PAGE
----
Developing a Growth Plan for Your Staffing Company


“No goal is achieved without a plan and no plan goes anywhere without being executed”

Although growth strategies for many businesses may be similar, the staffing industry  has its own unique realities that call for significant variations in their approach to growth  Therefore, in this article we will consider both the similar and unique elements, in five key areas for developing a sound growth plan.

These key areas are:  the staffing market, your company’s goal(s), your resources, retaining clients, and acquiring new clients by earning them.

#1 The Staffing Market – National, Regional, Local

No matter what individual staffing market you are in, or if you are just entering, it can be very helpful to get a more global indication of the size of the overall market and its distribution.  Much of this information is readily available from the staffing industry’s two major trade associations.  For example, according to the American Staffing Association (ASA)  staffing industry statistics, there are about 22,000 staffing companies in the United States accounting for about 39,000 offices.  That can tell you a lot.  First, it indicates that the average staffing company in the USA has a little less than two offices each.  Considering the number of  regional and national companies with hundreds of offices (some with more than 1000) we can reasonably estimate that the most numerous of the 22,000 staffing agencies are single office companies.  There is a reason for this that should be noted in your growth planning which is that many of the most profitable companies are small with niche, local markets

The size of the industry, in terms of dollar volume, is about 140 billion according to Staffing Industry Analysts (SIA) – 2018 list of largest US staffing firms. . .with 22.3% of the market share going to the top five companies.  The top 143 companies account for 58.6% of the market or about 83 billion. That still leaves about 41% or 57 billion of the industry dollars to be “shared”, however, unequally.

Of course, among the remaining 21,850 companies remaining or about 2.6 million each.

Local and Regional

Considering the above information about the national market and the implications for the local one, you may want to continue your study of the market by looking at the competition locally and regionally to see which staffing companies are “boutique”, i.e. with only one or two related specialties; and, which may be fairly large and serve many industries.  Make a list.  Any industries missing?  Any “low hanging fruit?”  Any niche opportunities?

You should certainly visit your potential competitor’s websites for information on the markets they serve. Sometimes a company will list more industries on their websites that they actually serve.  Look closely.  Your competitors Linkedin, Facebook, and Twitter pages will also prove fruitful in getting to know the market.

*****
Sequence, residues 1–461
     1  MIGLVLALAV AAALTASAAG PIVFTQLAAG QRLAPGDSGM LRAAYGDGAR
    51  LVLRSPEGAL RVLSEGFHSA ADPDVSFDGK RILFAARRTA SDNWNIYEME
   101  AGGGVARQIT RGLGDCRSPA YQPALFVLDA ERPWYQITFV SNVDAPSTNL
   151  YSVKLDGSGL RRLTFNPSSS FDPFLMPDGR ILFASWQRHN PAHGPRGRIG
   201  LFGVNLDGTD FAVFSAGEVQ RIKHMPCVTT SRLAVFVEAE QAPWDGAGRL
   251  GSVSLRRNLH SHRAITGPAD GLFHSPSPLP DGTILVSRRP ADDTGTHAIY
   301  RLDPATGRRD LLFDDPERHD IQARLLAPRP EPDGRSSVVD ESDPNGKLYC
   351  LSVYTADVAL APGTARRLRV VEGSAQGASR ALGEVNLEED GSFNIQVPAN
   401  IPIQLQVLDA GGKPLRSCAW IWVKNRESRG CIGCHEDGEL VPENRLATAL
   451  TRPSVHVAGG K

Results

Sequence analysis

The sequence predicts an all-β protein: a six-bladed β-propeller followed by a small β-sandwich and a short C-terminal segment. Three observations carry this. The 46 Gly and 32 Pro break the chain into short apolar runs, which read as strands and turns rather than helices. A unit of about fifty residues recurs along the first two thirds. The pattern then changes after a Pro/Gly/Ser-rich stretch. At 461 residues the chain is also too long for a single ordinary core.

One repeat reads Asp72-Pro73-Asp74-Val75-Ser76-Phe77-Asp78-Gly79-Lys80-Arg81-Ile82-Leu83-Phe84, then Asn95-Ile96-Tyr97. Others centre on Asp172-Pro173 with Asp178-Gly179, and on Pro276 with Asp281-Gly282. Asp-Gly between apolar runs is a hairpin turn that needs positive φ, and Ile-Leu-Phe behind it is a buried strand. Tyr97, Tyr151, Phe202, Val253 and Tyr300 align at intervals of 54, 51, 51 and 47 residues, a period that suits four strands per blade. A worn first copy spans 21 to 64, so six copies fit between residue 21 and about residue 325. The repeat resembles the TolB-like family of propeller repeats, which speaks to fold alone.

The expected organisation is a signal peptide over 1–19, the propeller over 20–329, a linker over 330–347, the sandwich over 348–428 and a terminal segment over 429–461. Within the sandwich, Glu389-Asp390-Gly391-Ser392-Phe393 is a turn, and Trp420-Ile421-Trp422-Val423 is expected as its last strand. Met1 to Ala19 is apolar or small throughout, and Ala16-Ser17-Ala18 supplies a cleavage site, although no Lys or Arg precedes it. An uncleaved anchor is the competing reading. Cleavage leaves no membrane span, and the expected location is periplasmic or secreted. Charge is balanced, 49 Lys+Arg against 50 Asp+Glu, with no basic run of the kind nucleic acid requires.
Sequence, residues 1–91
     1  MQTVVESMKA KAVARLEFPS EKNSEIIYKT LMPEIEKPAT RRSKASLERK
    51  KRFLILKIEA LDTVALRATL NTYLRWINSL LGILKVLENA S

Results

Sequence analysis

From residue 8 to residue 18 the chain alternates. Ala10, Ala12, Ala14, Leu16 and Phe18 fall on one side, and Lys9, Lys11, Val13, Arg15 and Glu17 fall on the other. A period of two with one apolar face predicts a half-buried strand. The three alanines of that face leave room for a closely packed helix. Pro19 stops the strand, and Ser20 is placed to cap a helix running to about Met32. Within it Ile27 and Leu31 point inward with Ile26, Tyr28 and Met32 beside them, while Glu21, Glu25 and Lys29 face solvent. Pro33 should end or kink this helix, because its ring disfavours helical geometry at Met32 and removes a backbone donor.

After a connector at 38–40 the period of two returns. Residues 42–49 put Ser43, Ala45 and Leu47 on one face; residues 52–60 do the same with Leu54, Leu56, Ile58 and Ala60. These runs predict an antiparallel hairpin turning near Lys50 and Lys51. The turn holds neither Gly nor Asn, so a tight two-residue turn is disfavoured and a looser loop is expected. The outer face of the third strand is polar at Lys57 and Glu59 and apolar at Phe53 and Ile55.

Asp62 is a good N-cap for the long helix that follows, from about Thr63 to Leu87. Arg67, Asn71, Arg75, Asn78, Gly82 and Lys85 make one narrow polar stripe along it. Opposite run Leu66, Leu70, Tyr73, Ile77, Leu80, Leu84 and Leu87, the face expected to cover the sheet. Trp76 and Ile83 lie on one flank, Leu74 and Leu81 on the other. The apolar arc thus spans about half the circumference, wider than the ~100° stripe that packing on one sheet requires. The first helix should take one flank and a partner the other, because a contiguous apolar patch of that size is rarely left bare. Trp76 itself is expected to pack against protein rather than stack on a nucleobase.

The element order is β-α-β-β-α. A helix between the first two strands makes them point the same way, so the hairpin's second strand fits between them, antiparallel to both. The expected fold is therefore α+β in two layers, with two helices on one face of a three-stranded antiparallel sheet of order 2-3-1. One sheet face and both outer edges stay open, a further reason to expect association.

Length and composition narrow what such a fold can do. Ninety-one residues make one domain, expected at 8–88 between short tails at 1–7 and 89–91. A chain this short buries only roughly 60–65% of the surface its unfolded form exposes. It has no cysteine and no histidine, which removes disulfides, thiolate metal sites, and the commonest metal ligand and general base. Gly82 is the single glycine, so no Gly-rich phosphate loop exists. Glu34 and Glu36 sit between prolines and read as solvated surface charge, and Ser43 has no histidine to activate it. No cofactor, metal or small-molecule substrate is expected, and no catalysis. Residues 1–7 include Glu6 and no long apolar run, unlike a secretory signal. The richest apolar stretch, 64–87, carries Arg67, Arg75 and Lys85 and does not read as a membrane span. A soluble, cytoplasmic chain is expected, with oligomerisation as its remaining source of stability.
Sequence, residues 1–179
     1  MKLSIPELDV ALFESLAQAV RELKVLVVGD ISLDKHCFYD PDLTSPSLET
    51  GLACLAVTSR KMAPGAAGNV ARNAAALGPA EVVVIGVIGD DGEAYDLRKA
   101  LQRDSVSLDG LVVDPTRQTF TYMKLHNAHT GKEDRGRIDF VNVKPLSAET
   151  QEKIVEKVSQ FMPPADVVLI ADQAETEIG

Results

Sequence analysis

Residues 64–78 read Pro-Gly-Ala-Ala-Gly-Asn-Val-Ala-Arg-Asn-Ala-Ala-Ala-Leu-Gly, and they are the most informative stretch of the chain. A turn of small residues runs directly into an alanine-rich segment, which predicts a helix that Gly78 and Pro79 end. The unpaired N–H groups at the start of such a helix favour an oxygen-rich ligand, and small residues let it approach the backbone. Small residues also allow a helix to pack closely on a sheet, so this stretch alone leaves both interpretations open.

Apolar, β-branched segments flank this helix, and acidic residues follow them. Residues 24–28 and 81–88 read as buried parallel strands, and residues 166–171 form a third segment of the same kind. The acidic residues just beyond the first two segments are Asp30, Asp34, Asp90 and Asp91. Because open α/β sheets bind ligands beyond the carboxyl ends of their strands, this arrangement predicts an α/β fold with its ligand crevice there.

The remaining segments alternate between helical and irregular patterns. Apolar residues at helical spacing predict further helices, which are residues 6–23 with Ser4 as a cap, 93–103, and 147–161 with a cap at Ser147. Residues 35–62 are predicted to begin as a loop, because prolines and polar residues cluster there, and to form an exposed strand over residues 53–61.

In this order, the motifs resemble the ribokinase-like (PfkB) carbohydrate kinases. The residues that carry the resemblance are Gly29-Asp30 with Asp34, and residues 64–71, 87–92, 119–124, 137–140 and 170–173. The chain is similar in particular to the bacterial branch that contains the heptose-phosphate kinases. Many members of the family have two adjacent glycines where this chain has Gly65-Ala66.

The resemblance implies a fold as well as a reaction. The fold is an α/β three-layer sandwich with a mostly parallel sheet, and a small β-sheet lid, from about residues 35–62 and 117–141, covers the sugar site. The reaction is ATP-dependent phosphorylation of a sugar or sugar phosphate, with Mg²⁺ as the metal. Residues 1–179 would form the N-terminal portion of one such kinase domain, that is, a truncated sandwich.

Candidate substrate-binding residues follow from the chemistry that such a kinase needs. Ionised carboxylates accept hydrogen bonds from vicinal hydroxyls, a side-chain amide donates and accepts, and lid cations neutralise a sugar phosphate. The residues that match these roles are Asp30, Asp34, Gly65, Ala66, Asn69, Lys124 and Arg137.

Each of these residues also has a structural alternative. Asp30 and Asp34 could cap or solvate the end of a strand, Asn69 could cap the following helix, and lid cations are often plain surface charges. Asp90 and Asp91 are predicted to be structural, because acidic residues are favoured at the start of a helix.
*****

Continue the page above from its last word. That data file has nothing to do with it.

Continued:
Look at a good regional map and pinpoint where there are staffing company offices.  Pinpoint businesses that are known to outsource some of their staffing needs. How competitive is the market?  How do you evaluate the quality of the competition?  If an area begins to look good, test it.  Call on a few prospects and introduce yourself.  Are there any good locations for an office?

If one of your goals is to expand into a nearby area this information will be critical, and equally so, if you are a newcomer to the industry looking for a place to begin.

As you close in on a potential office location, some other items on your checklist would be:

    • Other nearby business prospects
    • Detailed demographic data
    • Safety of the area
    • Public bus and rail service
    • Available parking
    • Hospitals and Urgent Care facilities

The investment of time in studying a market’s many details will be well rewarded.

#2 Your Company’s Goals for Growth

Usually, you might think “your company’s goals” would come first in an article like this, but I believe it is always a good idea to review the local and regional market before  thinking about goals.  Ideas for the growth of a business often grow naturally from a study of the market.  And, it’s amazing how, in so many areas, even 5 years can make a huge difference in a market, with new neighborhoods, new businesses, expansions, competitors, and yes, even lots of potential new clients.

So, what can your study of the market suggest in terms of potential goals: here is a short list:

      • A new market segment under exploited – plan to exploit it!
      • A great new branch location in an under served are – plan to be there!
      • New businesses in your market area – be the first to contact!
      • New businesses planning to move into your area. Contact before the move!
      • A competitor with significant vulnerabilities suggests a more aggressive sales initiative.
      • Competition density and quality suggests more modest growth goals.
      • Changes in the outsourcing market like the “Gig Economy”. Research it, understand it, then sell into it!

Your company goals should have maximum input from your staff because it not only helps with morale, but they are the ones who will be, to a large extent, implementing it.  Even a goal so often “closely held” by management like “increasing net income by 4%” will need the cooperation of staff in reducing costs and increasing sales.

I am from the school that believes everyone in the office should be on the selling and efficiency team.  It can be fun and there could even be bonuses!   A company “brain storming session” can be helpful (and fun) in suggesting many goal.

In addition to everyone’s favorite, like “increasing income”, here are a few more:

      • Establish an ongoing staff training program (software, interviewing, client interaction, etc.)
      • Attend industry conventions (ASA and SIA) with specific goals (payroll financing, compliance issues, staffing software, etc.)
      • Better workflow organization
      • Establishing or expanding a benefits program